Keoni Cavaco - 3B, Eastlake HS (31/23/37)
Cavaco has started to fly up the boards. If the Diamondbacks have interest in this prepster with big power and above average tools across the board, this will be their only chance to grab him. It’s entirely possible he is gone before #16.
Dark horse candidate:
Josh Jung - 3B, Texas Tech (17/12/16) The only way Jung is available at #16 is if there is an early run on the prepsters. Even then, it is tough to see Jung falling below #14. If he is available at #16 though, the Diamondbacks will need to give strong consideration to the solid fielding third baseman with the massive bat.
With the 26th pick in the draft, it is a safe bet that Arizona will look to flex some of its financial muscle. This is one of the places where they can afford to offer overslot to grab a signability prospect. It is not out of the question that Matthew Allan could fall to here. However, it is just as likely that Allan is off the board before #16. It’s going to come down to how big teams are willing to go on the prep arm. By this point in the draft, Arizona will remain the only team that could afford him.
Other names associated with Arizona at 26 include:
Anthony Volpe - SS, Delbarton HS (52/27/68)
Matthew Lugo - SS, Carlos Beltran Baseball Academy (74/29/36)
Gunnar Henderson - 3B, Morgan Academy (30/43/33)
Brett Baty - 3B, Lake Travis HS (15/10/17)
Nick Quintana - 3B Arizona (81/63/76)
This is the pick where Arizona is most likely to be able to make best use of their oversized bonus pool. This is where Arizona can afford to go big, where other teams would be forced to pass on some of the high ceiling prep talent. This is also the spot where Arizona could potentially miss big. Other than possibly Volpe, the high ceiling prep talents falling to #26 are those of the high risk/high reward variety. Volpe is a much lower talent risk, but he comes with serious signability concerns. Many believe he has a fairly set short list of teams he will sign with, and none are in the west. Nick Quintana is a bit of a reach at #26, but could be gone before Arizona selects again at #33, meaning that if Arizona were to select him, they could both save money on the pick and not be reaching too far down to select him. This would allow Arizona to instead focus their draft pool money on the eleventh and twelfth rounds. Outside of a solid college pick such as Quintana, this is likely to be a high risk/ high reward pick, meaning that just about any prep talent could be taken here, with those listed simply being the most easily identified. However, just about any prepster with top-50 prospect pedigree (not named Jack Leiter) would make sense here.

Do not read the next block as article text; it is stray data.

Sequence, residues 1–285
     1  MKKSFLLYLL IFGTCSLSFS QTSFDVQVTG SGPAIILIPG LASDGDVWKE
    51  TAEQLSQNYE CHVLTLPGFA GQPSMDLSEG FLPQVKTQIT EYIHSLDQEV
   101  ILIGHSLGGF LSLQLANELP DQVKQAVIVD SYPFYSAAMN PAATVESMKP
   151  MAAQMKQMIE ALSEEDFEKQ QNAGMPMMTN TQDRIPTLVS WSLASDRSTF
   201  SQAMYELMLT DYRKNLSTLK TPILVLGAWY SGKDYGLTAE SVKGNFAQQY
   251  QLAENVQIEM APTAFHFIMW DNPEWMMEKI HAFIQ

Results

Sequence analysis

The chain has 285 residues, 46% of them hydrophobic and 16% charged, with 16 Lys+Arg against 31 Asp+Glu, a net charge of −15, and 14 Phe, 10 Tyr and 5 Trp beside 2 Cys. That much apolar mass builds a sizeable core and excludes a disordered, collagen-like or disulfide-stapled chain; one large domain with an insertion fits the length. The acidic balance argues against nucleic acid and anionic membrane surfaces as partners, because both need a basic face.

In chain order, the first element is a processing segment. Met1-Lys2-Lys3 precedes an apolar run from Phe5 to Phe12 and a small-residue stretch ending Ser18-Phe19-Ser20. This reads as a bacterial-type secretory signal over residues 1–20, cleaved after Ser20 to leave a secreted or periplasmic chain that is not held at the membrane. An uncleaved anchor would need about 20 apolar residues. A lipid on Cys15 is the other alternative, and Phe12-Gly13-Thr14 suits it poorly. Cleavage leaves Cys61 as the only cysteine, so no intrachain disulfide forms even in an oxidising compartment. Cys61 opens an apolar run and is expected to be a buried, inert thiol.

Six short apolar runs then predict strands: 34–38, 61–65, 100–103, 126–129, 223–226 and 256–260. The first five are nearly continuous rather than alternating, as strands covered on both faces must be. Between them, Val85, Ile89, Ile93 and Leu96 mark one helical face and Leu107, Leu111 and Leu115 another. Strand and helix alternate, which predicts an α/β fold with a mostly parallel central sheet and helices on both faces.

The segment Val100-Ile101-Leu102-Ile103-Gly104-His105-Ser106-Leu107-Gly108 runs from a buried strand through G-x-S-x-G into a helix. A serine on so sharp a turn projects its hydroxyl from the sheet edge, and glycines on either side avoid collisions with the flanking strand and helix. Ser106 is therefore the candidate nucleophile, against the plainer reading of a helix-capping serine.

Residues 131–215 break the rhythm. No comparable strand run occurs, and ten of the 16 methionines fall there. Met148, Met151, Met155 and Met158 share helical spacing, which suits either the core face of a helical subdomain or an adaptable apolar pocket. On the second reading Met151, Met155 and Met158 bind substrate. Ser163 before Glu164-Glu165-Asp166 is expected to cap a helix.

After the 26th pick, look for Arizona to load up on college talent. There is a very real chance that Arizona looks close to home for multiple picks in this year’s draft. The University of Arizona has second baseman, Cameron Canon joining NIck Quintana as a likely day-one pick. Arizona State has Alec Marsh flying up the boards as one of the few reliable college pitchers in this years draft. He too will likely go on the first night. At #34 he might be a stretch. At #56, Marsh is a solid value pick that could allow Arizona to pocket a bit more money for those eleventh and twelfth rounds.
The Takeaway: Prep prospects are almost always the biggest gambles in the draft. While they usually have higher upside, they also have a much higher chance of washing out while still in the minors. Despite this, Arizona’s financial situation has aligned them to make a run at multiple such prospects. Look for Arizona to go big with the first two picks and then start playing a somewhat conservative game with the remainder of their top-100 picks. While it would certainly be nice to score big with this season’s draft, there is also something to be said for hitting on a ton of future depth, even if it has a lower overall ceiling. With the number of picks Arizona will have on the first night, it is possible that Arizona could add as many as five names to their top-30 prospect list in one night, depending on how the chips fall. This is why, despite what draft history shows us, that it is difficult not to get excited about what this draft could mean for Arizona’s future. Regardless of what approach Mike Hazen and his front office take in this year’s draft, the results are going to be one of Hazen’s longest-lasting legacies with the organization. IF he nails this draft, Arizona will be in good shape moving forward and Hazen’s tenure in Arizona will be secure. If he misses in this draft as he did the previous two seasons, Hazen’s future in Arizona could be at risk.